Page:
The second band, Super Structure was the only one that was musically quite different from the rest, but they were also the first to go totally over-the-edge. Their music was a series of short, fast and violent sonic attacks, with a heavy grindcore / crust edge and their singer, who was running around in a ski mask, looked completely insane and out of control, jumping off the stage all the time to join the mosh pit. If Eternal B managed to set the mood for unity, it was them who set the mood for the upcoming intensity and insanity. There is not much info about the band online, as they are quite elusive, as so many of the other Japanese punk / acts: all they have is a page on tumblr which lists their upcoming shows and a bandcamp page with two old demos from the late ’90s and that’s about it (but well, actually even that’s more than what some other local punk / hc groups have).

Next up were the three bands that I already knew from before and the three that represented the NYHC / beatdown sound in its truest form: Rockcrimaz, one of the organizers of the event, Numb which is probably the most well known of the six bands (no wonder though, as their City Of Dreams album had some true hc anthems!) and finally Fight It Out. While both Rockcrimaz and Numb were pure raw energy, for me, the absolute high point of the night was Fight It Out‘s show. It was during their show when all hell broke loose and things went out of control. Their singer was pure fucking violence incarnate and he was down in the dancefloor, pushing around and jumping on people even before their set began, and kept doing it during the whole show (but obviously it is just his usual thing to do). The venue wasn’t full, there was around 150-200 people I think? But still, the mosh pit was just insane and when the crowd wasn’t big enough for crowd surfing, people just carried around the stagedivers and dropped them on the people that were going for the safer spots at the back of the hall, while the middle of the pit was full of natural born martial artist, spinning and kicking around like windmill. But really, I have never seen a mosh pit with so many people doing high kicks. It was crazy and dangerous, but still, as I said above, it never had a hostile feel to it. It was all about having fun.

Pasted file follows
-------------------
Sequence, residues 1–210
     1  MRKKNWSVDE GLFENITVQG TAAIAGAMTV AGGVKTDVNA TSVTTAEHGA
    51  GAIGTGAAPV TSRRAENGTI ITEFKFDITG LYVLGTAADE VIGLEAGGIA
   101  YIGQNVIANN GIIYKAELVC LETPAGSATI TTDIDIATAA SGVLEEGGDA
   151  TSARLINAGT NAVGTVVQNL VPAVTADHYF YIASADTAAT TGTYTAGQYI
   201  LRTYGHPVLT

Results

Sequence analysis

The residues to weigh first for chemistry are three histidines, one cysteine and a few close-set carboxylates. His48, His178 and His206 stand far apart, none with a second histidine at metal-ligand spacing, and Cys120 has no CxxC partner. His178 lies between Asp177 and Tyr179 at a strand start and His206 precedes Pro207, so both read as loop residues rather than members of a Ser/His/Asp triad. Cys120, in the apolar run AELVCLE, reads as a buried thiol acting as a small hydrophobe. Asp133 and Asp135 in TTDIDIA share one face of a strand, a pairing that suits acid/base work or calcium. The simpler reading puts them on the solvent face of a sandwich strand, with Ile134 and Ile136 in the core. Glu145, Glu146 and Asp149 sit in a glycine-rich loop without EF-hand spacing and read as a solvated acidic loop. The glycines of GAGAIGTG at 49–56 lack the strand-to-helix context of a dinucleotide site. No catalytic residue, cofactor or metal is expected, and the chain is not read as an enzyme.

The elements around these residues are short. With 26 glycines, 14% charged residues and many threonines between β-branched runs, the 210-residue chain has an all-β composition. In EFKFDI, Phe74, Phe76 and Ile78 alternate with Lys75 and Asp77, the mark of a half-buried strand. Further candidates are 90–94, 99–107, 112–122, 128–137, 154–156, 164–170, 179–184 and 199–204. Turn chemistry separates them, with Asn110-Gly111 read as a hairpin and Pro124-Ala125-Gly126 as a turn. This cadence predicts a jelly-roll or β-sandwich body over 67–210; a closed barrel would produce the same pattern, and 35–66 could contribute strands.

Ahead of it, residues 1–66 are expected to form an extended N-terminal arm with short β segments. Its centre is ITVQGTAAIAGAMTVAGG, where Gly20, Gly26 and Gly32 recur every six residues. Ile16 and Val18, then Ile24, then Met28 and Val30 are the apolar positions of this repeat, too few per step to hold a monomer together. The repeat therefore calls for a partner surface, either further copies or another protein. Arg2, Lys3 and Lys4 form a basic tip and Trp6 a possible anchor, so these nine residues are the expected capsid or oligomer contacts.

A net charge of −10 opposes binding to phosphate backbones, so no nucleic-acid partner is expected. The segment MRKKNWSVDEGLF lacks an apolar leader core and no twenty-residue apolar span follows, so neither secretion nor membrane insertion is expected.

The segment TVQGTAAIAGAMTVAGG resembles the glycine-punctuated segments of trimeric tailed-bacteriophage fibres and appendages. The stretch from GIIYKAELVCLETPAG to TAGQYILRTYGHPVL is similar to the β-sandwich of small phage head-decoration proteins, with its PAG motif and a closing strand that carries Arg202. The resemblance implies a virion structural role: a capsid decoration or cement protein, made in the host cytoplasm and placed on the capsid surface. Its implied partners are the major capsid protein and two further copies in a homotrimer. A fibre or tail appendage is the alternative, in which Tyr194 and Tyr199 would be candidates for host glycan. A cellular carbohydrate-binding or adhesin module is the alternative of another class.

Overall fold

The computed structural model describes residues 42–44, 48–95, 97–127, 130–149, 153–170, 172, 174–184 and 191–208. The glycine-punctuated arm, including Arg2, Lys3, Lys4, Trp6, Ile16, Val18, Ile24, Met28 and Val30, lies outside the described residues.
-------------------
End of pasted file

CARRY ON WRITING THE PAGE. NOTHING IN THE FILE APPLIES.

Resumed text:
Fight It Out

The evening’s closing act was Swag from Oita and I guess they don’t play that often in Tokyo, as the event was also advertised as the release show of their Espirit De Unity album… which came out back in late 2015. They were also somewhat different musically, a bit closer to melodic punk than the rest and less in-your-face aggressive. And closing an evening after such bands is well… not a very rewarding thing to do. They were quite OK and put on a good show, but they just could not keep up the level of rising brutality that culminated with Fight It Out.

Originally, before the trip I was quite disappointed that 2016’s Bloodaxe Festival, which is the ultimate annual showcase of Japanese hardcore bands took place just a week or two after I left Tokyo, but this evening gave a more than perfect taste of just how awesome this scene is (and there was more to come a couple of days later). It was an extremely intense night, but this level of intensity is pretty much the daily norm at Antiknock, which holds similar gigs almost every day and at weekends they often run mini-festivals with 10+ bands on the bill, so, for anyone visiting Tokyo and into hardcore and punk, this definitely is the place to check first.

Eternal B / Super Structure / Rockcrimaz / Fight It Out / Numb / Swag